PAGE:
Articles

IRS Issues Changes to Determination Letter Program

Oct 1, 2015

The Internal Revenue Service determination letter program for individually designed qualified plans enables sponsors to obtain assurance from the IRS that the plan as drafted meets the requirements of the Internal Revenue Code of 1986, as amended (the “Code”). Sponsors receiving a favorable letter are able to rely on the letter as a defense in subsequent audits as long as the plan is administered in accordance with the plan document that was submitted to the IRS. Receipt of a favorable letter has also been required to take advantage of certain corrections under the IRS Employee Plans Compliance Resolution Program.

Under current procedures, employers may seek updated determination letters every five years (“on-cycle” applications) to ensure plan documents continue to comply with changes in the law and to preserve reliance on prior determination letters. Sponsors also have the ability under current procedures to seek “off cycle” determination letters for discretionary amendments where review in advance of the “on cycle” year is considered prudent. Sponsors that seek “on cycle” determination letters are allowed to retroactively correct document failures if required interim amendments were adopted timely or were deemed unnecessary.

In IRS Announcement 2015-19, the IRS announced it is making changes to its determination letter program. Those changes are described below.

Immediate Elimination of Off-Cycle Determination Letter Applications

Effective July 21, 2015, through December 31, 2016, the IRS will no longer accept off-cycle determination letter applications, as defined in section 14 of Rev. Proc. 2007-44, except for determination letter applications for “new plans” and terminating plans. A “new plan” is a plan that applies for a determination letter before the later of (i) the end of the plan year in which it was initially adopted or (ii) the due date for filing the employer’s tax return for that year that includes the date the plan was initially adopted.

Elimination of Five-Year Remedial Amendment Cycle and Restrictions on Seeking Determination Letters

Effective January 1, 2017, the staggered five-year cycles for obtaining review of individually designed plans will be eliminated; however, sponsors of Cycle A plans, described in section 9.03 of Rev. Proc. 2007-44, will continue to be permitted to submit determination letter applications during the period beginning February 1, 2016, and ending January 31, 2017.

Also, effective January 1, 2017, sponsors of individually designed plans may no longer seek determination letters other than on initial plan qualification (i.e., for plans that have never received a determination letter regardless of when the plan was adopted) and upon plan termination.

In addition, a sponsor will be permitted to submit a determination letter application in certain other limited circumstances that will be determined by Treasury and the IRS. It is not clear from the Notice what those circumstances might be.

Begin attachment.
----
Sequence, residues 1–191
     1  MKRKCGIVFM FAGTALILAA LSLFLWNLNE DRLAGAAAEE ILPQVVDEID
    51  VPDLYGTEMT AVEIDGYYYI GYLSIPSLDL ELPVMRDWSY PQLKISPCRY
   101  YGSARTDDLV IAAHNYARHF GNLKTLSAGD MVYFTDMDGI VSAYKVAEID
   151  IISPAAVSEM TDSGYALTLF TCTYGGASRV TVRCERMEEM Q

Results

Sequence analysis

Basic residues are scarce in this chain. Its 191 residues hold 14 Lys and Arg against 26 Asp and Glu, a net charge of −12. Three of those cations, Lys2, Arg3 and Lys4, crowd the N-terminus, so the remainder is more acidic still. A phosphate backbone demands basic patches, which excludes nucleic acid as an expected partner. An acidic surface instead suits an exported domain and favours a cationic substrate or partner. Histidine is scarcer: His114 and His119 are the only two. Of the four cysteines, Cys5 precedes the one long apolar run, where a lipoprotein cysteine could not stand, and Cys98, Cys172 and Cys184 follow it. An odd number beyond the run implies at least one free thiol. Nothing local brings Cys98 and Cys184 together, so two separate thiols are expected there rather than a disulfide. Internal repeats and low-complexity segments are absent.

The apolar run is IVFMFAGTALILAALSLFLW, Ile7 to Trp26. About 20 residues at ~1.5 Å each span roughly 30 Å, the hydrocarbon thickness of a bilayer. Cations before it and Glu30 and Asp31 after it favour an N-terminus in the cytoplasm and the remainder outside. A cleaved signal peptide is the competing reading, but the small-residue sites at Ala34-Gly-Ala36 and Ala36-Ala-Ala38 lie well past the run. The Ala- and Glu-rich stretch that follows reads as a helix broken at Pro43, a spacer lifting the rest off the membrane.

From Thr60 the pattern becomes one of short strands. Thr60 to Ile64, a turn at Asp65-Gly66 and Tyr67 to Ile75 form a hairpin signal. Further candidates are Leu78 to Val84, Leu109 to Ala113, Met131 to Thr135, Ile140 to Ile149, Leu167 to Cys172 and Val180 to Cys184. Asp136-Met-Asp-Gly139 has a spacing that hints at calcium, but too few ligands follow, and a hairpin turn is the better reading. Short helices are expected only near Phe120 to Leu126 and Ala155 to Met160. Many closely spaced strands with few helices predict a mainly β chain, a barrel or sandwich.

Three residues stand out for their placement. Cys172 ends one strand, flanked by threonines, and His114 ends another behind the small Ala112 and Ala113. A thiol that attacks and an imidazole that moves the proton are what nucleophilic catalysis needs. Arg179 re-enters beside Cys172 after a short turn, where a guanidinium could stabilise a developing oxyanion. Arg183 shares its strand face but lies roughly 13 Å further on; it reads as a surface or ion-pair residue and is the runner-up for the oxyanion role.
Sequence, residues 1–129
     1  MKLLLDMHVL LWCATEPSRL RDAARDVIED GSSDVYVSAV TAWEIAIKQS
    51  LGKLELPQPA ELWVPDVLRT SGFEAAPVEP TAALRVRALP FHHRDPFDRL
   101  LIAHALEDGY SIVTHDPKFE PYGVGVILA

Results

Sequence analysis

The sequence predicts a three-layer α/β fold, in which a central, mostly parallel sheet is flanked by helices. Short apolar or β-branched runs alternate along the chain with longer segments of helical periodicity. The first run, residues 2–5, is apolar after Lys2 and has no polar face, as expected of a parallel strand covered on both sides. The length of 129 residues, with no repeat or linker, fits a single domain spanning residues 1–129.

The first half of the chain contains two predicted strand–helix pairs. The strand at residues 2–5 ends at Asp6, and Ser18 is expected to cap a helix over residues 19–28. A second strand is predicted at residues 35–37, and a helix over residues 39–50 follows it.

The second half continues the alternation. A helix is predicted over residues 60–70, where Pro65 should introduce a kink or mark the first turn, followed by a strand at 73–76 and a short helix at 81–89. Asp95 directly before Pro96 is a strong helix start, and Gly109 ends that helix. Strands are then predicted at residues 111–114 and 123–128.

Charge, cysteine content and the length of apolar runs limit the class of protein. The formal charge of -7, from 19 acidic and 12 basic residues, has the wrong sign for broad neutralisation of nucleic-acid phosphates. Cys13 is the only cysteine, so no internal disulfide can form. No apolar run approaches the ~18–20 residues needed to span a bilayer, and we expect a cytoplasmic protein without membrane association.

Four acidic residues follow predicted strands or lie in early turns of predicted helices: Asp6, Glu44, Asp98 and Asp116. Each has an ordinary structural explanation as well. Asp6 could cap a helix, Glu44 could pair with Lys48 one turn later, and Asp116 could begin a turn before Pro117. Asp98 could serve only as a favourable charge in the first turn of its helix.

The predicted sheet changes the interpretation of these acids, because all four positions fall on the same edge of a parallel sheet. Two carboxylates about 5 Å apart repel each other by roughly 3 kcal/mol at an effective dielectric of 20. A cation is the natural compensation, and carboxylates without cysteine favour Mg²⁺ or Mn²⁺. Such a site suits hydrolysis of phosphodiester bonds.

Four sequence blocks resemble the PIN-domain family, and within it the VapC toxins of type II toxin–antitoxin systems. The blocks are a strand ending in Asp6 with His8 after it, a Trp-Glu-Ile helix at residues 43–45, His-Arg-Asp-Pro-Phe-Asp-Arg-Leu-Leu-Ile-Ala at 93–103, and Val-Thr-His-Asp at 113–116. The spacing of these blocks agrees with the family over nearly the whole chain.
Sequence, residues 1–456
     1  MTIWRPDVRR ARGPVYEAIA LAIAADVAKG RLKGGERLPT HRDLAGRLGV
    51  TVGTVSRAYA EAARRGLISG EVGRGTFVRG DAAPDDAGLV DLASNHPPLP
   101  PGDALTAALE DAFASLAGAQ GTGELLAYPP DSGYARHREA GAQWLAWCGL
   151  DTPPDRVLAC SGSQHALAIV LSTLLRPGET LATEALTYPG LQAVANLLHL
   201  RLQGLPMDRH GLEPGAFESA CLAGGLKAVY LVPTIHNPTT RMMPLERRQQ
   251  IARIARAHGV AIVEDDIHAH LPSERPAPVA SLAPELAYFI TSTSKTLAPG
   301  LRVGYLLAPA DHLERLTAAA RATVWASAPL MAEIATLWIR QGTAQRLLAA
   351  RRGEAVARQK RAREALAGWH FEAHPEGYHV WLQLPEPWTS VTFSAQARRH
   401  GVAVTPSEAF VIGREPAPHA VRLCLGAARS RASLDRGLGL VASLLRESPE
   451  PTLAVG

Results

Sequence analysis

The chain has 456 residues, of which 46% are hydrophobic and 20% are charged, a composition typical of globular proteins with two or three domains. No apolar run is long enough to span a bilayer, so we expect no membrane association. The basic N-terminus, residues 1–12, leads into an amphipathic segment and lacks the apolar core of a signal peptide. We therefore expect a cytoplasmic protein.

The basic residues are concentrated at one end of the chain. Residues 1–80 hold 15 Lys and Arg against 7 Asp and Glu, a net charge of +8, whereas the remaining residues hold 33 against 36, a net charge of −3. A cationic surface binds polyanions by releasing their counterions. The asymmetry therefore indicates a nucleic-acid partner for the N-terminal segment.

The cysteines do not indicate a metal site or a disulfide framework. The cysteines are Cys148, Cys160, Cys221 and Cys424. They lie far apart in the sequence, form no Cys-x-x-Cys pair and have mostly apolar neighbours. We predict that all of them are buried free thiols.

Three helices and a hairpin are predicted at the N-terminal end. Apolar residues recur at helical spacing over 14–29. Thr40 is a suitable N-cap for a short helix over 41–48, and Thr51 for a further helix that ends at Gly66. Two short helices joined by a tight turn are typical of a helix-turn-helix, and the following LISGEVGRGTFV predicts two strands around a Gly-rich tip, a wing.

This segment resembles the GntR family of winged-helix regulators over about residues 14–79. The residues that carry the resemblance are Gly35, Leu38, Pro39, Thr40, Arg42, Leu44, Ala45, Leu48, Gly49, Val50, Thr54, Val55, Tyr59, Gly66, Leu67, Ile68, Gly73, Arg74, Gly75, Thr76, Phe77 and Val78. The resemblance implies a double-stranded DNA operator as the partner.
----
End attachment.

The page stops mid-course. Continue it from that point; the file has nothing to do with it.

Transitional Extension of Remedial Amendment Period

Because the five-year remedial amendment cycle is being eliminated, sponsors will no longer have a five-year extended period to update plan documents for changes in the law or administrative guidance. Instead, the more limited period for adopting plan amendments that is set forth in IRS regulations will apply after December 31, 2016. However, the Commissioner intends to establish a transitional remedial amendment period for individually designed plans to a date that is expected to end no earlier than December 31, 2017.

Comment

IRS has stated that the change reflects budget constraints and the need to direct available resources to other priorities. IRS is seeking comments from employers and qualified plan providers for ways to amend qualified plans after the initial determination letter is issued that would simplify the amendment process without requiring ongoing applications. These include model amendments and expanding the ability to incorporate applicable Internal Revenue Code sections and regulations by reference. Sponsors may wish to consider transitioning their individually-designed plans to pre-approved documents, as those documents will continue to be reviewed by the IRS every six years for compliance with law changes.

The Notice does not address how customized amendments to a plan would be handled. For example, if a 401(k) plan adds a match or KSOP feature, the initial determination letter upon establishment of the plan would provide assurances with respect to the 401(k) features but not the enhanced benefits. Unless the IRS is proposing model amendments for common plan designs which sponsors must adopt verbatim, (in other words, a pre-approved plan similar to a prototype) it would seem the sponsor will now assume the risk that amendments do not adversely impact the plan’s qualified status, given that the amendment cannot now be reviewed by IRS until the plan terminates.

The implementation of the new policy will raise additional questions that will be addressed in future guidance from IRS. The Newport Group will be following these developments and will provide updates as appropriate.

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